November 27, 2012 |
AMMAN, Jordan -- At least 18 people were killed Tuesday morning when Syrian government warplanes struck an olive press factory on the outskirts of Idlib city, opposition activists said. The building was hit by more than five rockets in an attack that also left 23 injured, said Ahmad Aasi, an opposition activist in Idlib. Those killed were farmers bringing olives from the local harvest and workers at the factory, he said. "They are targeting any gathering of people to kill the largest number possible," Aasi said.
November 27, 2012 |
U.S. companies are scrambling to figure out whether clothing they sell was made in the Bangladesh garment factory where at least 112 people died in a fire. Though officials are looking at arson as the cause, there are a number of allegations about the building and how it was operated that may have contributed to the death toll: dummy fire extinguishers, at least one locked door and bosses who ordered the employees back to work after fire alarms went off. There were no emergency exits.
November 16, 2012 |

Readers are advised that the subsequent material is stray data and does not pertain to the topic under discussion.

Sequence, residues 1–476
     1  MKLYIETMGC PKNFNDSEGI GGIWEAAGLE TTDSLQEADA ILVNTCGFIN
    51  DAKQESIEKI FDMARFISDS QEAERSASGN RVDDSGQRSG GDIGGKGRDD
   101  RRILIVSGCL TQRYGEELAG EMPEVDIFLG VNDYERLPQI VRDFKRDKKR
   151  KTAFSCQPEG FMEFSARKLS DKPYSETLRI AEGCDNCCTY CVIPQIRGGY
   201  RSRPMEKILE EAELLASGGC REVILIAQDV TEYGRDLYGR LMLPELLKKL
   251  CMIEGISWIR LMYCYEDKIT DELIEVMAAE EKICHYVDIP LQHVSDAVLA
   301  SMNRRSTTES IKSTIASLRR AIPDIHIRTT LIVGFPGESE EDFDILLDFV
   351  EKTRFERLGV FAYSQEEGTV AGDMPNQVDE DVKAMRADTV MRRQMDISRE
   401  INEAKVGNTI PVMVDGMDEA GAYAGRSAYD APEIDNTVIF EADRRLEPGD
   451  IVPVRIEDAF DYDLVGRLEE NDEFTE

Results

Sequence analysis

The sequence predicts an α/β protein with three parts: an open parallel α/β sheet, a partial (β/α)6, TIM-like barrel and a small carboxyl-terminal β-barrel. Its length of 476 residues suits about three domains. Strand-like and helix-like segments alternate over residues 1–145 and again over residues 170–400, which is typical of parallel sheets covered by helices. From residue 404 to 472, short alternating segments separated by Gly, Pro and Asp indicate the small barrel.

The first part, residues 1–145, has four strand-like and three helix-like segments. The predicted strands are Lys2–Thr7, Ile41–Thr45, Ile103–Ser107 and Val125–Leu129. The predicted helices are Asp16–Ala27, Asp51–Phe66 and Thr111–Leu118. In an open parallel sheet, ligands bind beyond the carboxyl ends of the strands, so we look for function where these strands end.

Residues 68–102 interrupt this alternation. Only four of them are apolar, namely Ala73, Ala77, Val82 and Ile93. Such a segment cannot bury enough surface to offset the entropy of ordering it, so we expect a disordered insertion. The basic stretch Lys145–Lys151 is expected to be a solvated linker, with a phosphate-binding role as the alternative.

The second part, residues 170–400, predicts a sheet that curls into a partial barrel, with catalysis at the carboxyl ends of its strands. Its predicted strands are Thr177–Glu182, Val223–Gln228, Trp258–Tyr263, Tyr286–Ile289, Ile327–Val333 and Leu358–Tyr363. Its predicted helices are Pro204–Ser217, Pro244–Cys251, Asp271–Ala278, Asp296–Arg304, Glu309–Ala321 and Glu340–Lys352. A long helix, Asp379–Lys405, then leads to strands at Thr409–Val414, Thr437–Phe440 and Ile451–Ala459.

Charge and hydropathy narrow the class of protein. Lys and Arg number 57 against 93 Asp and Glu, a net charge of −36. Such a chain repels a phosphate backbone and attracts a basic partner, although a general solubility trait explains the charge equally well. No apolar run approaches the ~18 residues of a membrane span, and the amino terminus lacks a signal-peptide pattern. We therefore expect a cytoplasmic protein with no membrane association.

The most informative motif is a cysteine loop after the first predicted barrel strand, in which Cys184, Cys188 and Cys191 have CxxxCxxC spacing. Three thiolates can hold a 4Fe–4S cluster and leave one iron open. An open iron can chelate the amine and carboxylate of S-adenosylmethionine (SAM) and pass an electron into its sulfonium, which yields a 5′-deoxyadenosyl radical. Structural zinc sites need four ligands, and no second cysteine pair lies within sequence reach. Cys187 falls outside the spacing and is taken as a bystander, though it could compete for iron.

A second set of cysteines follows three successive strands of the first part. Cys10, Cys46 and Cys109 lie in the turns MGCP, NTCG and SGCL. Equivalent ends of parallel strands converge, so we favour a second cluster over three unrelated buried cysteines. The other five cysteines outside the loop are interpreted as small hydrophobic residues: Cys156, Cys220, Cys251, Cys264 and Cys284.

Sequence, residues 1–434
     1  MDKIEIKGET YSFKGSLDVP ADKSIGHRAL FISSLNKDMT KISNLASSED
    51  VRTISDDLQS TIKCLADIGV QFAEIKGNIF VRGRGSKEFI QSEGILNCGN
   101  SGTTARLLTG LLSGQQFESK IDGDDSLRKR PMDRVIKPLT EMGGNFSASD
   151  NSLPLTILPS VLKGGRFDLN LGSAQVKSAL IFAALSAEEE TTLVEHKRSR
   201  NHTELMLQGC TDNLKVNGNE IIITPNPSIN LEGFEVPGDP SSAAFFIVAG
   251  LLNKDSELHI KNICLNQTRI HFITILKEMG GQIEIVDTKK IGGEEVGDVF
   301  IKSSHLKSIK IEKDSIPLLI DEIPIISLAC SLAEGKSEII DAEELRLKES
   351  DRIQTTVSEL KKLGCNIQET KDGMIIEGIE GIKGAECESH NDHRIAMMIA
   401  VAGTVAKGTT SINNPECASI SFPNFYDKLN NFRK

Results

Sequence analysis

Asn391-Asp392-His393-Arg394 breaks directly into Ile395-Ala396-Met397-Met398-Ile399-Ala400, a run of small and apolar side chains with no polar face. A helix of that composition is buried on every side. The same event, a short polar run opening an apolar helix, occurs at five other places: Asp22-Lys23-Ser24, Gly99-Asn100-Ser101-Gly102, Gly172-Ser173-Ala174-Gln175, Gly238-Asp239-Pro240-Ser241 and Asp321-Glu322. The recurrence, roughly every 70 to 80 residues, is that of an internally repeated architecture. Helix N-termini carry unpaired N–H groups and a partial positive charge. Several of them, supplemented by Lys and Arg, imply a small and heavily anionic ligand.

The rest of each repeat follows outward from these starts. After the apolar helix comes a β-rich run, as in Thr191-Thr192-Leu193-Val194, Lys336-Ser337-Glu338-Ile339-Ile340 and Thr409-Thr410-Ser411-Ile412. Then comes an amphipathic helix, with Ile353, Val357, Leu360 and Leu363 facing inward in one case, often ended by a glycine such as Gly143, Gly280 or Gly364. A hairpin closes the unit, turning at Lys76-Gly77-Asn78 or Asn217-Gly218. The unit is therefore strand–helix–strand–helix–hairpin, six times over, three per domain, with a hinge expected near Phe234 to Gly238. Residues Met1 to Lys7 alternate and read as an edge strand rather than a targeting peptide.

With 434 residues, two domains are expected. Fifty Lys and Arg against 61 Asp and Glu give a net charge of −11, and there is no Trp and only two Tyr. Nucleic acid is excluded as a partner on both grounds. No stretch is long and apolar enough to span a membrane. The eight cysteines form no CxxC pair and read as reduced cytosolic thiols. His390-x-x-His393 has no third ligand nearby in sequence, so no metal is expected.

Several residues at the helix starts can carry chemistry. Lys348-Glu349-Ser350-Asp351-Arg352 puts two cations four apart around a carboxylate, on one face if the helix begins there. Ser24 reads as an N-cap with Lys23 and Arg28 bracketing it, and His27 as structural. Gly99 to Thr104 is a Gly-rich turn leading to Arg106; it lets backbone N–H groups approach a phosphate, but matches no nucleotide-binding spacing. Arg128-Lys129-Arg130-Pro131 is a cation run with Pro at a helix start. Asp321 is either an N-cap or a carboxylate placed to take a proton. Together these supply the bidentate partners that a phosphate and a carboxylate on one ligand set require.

WASHINGTON -- Hurricane Sandy appears to have done a lot more economic damage than many experts thought. The Federal Reserve said Friday that manufacturing production fell across almost all major industries in October - a drop officials blamed on the storms that struck the Northeast late last month. Even with mining activity growing and utility output holding steady, industrial production overall slid 0.4% last month. The Fed thinks Sandy knocked nearly a full percentage point off total production after increasing 0.2% in September.
November 15, 2012 |
While most of the country will head routinely to work Friday, workers at General Motors Co., Ford Motor Co. and Chrysler Group will get the day off. Why? It's the start of deer-hunting season, a peculiar benefits quirk stemming from collective bargaining, corporate needs and Midwestern outdoors culture. During contract negotiations in the late 1990s, the automakers agreed to make Veterans Day a paid day off - but with a catch. The United Auto Workers didn't necessarily want to celebrate Veterans Day. Rather, its members wanted a flexible day off in November about the time hunting season starts.
November 11, 2012 |
The gig: Morgan Margolis is the chief executive of Knitting Factory Entertainment, which has concert venues, restaurants, record labels, artist management companies and a national touring division. The swiftly diversifying Los Angeles-based company employs 300 people and has annual gross revenue of $35 million on average. Raised in a show-biz family: Margolis, 46, remembers roaming the mean streets of New York's East Village in the 1970s. His parents were actors, and money didn't come easily to the family.